Once the payload document exists, and dl-fldigi is decoding and uploading, then your payload should appear on the live map.  If it fails to appear, then probably the payload document is wrong – see the logtail which will show you why.

Prior to your flight, create a Flight Document.  This tells others where and when your flight will be, and allows them to easily set the correct radio frequency and decoding parameters for your flight.

Payload Design and Build

Here you can use your imagination to build something visually interesting, but remember the following key points:

  1. Use plenty of insulation.  2cm is generally enough but use more for heavy payloads (though heavy payloads are discouraged anyway) or 1cm for light payloads.  Insulation does 3 things:
    1. Protects whatever your payload lands on (remember, it could be a car or person or greenhouse)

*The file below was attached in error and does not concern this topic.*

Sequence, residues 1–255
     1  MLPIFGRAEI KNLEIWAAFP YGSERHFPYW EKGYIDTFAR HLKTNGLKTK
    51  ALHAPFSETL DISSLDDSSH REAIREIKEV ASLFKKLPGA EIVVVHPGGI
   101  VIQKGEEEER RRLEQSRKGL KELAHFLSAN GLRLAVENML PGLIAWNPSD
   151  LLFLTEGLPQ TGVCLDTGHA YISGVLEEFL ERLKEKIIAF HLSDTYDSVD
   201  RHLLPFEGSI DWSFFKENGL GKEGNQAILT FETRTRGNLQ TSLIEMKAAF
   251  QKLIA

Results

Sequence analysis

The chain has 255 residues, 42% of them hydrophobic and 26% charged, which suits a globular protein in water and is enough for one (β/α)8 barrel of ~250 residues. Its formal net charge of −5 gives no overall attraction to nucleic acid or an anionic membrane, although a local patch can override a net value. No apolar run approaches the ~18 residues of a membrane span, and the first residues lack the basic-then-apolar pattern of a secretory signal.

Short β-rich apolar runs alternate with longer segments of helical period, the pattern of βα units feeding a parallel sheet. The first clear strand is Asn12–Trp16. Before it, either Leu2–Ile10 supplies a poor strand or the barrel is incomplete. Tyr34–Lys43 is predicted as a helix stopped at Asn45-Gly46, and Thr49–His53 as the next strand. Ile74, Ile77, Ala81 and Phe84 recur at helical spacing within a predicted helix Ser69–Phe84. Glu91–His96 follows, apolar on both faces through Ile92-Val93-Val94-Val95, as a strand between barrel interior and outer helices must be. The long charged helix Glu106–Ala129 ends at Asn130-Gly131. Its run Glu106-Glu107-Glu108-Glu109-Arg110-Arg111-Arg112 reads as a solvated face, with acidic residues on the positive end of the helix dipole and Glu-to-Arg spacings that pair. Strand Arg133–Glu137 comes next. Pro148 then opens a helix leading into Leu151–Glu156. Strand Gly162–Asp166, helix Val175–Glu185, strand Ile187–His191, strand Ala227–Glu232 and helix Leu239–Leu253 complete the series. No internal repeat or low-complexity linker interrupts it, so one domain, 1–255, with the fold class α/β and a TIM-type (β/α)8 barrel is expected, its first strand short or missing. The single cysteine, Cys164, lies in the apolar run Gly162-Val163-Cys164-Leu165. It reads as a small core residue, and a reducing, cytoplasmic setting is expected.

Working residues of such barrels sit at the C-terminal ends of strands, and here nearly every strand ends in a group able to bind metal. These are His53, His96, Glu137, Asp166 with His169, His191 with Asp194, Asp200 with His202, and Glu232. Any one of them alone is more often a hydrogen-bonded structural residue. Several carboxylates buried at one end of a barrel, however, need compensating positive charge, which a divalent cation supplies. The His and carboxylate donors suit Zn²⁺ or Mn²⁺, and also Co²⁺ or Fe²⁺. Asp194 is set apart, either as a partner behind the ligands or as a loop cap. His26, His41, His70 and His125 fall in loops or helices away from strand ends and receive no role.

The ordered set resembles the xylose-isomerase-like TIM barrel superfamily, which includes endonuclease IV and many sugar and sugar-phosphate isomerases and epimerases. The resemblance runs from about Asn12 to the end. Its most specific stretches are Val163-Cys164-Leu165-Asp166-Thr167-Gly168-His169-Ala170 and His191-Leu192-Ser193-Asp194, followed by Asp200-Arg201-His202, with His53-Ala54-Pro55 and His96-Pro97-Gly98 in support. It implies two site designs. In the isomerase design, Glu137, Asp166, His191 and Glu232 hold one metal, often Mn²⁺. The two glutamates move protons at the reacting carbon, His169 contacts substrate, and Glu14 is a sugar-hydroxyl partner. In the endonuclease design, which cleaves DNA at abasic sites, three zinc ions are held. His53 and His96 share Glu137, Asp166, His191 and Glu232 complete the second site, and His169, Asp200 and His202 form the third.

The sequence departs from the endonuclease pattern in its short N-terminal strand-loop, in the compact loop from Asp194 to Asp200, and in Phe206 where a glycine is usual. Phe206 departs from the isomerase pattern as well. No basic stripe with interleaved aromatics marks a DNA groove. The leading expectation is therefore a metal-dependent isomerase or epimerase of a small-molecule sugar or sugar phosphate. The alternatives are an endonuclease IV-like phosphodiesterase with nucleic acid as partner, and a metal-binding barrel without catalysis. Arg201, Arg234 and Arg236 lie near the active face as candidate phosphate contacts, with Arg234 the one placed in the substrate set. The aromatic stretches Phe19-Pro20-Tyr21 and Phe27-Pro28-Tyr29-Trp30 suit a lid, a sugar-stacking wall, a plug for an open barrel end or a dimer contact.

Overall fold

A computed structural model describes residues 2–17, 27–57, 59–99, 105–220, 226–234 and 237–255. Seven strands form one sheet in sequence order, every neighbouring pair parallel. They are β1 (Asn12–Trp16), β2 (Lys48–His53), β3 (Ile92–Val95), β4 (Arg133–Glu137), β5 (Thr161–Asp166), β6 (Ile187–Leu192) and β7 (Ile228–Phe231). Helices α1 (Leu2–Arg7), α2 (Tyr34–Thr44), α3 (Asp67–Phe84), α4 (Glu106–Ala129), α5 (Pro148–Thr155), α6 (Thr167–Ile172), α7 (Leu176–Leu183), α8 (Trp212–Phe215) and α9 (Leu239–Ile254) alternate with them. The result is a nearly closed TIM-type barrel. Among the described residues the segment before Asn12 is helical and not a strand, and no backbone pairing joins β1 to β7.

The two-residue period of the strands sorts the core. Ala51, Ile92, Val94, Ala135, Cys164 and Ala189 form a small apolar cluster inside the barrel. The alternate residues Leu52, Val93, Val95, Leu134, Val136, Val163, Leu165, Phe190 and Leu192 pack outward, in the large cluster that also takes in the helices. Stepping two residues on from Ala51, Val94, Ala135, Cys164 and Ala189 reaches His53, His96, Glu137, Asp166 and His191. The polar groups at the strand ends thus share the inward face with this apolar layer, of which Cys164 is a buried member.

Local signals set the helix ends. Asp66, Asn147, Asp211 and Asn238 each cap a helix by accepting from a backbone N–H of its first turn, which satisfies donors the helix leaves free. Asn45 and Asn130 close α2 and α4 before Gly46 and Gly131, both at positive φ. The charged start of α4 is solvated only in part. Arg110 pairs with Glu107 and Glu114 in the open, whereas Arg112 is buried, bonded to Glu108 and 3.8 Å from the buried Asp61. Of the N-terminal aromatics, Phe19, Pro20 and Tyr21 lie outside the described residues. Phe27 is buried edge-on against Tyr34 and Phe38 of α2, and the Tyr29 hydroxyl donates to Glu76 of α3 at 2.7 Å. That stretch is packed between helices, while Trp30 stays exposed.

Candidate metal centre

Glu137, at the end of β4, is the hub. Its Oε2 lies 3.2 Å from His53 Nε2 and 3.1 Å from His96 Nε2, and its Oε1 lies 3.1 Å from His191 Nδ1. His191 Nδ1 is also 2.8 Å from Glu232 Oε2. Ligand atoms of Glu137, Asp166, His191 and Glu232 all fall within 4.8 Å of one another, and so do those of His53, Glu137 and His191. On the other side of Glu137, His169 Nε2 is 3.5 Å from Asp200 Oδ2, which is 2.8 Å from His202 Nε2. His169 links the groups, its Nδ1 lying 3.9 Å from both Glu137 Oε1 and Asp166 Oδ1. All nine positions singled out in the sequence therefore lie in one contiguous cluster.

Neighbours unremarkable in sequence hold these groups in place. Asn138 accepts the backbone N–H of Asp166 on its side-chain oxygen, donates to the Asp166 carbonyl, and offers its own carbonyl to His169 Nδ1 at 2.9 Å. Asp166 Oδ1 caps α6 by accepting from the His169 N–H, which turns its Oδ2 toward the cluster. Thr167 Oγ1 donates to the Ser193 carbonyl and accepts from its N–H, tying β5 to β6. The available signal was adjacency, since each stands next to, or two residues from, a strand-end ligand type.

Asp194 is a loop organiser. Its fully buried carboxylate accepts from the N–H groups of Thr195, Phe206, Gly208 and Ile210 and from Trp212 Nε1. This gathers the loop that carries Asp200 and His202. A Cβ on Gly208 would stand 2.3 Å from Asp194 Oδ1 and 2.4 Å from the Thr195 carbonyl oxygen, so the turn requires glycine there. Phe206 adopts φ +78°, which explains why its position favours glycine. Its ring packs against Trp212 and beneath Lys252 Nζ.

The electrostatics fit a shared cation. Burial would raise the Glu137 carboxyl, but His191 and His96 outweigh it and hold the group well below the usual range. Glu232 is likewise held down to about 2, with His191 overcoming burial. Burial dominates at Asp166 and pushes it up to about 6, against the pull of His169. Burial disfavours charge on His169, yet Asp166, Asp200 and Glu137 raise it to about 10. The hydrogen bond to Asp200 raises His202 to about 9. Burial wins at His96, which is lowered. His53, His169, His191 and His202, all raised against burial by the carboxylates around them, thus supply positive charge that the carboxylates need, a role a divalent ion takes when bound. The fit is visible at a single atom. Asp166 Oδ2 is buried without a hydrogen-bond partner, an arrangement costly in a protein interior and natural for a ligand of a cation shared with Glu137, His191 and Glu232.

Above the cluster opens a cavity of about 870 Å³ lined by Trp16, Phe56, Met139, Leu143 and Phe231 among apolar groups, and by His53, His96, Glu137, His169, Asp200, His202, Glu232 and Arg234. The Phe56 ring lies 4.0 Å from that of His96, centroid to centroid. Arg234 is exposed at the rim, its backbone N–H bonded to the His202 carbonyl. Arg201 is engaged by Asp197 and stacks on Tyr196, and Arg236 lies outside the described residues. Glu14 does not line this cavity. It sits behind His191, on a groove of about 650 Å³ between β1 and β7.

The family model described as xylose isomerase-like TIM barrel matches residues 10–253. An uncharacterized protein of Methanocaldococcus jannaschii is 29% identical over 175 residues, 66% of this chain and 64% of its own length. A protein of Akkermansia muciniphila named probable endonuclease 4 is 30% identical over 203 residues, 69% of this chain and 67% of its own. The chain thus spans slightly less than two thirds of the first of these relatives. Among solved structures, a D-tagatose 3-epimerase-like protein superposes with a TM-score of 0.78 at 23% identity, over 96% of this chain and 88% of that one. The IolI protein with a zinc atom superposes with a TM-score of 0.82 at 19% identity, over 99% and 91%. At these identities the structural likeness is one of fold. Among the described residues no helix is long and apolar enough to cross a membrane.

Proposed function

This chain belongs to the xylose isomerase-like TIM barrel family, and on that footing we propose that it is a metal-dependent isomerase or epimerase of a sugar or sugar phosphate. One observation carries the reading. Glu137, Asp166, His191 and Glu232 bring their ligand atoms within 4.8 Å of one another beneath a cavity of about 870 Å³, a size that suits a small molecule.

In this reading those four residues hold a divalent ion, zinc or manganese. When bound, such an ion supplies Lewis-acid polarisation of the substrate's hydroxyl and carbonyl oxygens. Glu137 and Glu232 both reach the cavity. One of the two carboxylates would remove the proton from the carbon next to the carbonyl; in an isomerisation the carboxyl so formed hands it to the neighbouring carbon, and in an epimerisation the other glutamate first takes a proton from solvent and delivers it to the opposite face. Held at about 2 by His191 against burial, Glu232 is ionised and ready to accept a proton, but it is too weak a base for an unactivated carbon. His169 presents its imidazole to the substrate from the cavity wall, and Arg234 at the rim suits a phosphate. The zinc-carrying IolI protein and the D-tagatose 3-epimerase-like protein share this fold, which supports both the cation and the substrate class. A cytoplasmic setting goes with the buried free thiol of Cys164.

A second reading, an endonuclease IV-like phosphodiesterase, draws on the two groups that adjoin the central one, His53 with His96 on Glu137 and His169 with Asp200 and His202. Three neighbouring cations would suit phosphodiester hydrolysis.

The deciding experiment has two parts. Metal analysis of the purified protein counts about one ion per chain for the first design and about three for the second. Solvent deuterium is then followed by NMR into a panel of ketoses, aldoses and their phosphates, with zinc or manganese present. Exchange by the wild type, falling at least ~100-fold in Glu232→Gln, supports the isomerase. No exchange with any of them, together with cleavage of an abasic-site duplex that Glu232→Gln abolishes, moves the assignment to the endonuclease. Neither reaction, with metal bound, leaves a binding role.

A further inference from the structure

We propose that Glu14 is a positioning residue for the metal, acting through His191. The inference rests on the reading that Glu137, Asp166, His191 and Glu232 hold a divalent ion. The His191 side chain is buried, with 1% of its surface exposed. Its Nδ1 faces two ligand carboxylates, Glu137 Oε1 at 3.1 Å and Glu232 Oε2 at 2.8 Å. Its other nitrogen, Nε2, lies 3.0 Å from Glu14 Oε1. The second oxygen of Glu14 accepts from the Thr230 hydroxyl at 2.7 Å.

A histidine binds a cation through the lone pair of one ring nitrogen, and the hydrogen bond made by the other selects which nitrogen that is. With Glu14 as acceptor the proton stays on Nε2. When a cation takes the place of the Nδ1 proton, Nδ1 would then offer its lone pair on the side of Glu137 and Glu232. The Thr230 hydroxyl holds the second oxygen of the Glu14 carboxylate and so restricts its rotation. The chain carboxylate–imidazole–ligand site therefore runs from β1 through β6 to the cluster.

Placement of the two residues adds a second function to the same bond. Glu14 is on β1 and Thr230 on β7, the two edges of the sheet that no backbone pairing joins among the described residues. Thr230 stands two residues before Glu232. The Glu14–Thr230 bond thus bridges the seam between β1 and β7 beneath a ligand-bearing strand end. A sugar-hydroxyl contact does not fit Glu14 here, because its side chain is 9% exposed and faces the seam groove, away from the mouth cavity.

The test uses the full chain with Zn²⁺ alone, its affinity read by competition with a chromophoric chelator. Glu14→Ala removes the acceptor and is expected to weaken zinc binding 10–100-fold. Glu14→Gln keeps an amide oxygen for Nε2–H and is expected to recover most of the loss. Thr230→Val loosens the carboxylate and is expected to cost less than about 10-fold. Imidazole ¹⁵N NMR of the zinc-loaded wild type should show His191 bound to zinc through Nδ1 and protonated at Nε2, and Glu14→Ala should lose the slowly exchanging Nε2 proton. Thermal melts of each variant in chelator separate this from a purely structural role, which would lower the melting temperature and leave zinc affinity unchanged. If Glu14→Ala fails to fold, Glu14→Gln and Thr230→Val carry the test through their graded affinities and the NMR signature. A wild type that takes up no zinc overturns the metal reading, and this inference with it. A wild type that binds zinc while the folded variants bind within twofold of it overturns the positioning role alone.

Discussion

2. Protects the tracker and cameras etc from that impact
    3. Protects the tracker and cameras from the cold
  2. Suitable insulation can be purchased from some DIY stores or online at Hindleys.  Choose from the lighter but soft white expanded foam polystyrene, or the heavier but stiffer extruded foam polystyrene (easier to cut accurately).  Or, for small payloads, you can buy small polystyrene boxes or hollow polystyrene balls from Hobbycraft.
  3. Make sure that anything inside the payload cannot move during flight.  The burst and landing are both violent affairs.  If your payload can’t survive a fall down stairs, then it’s not going to survive a flight either.
  4. The transmitting aerial should be on the underside of the payload container.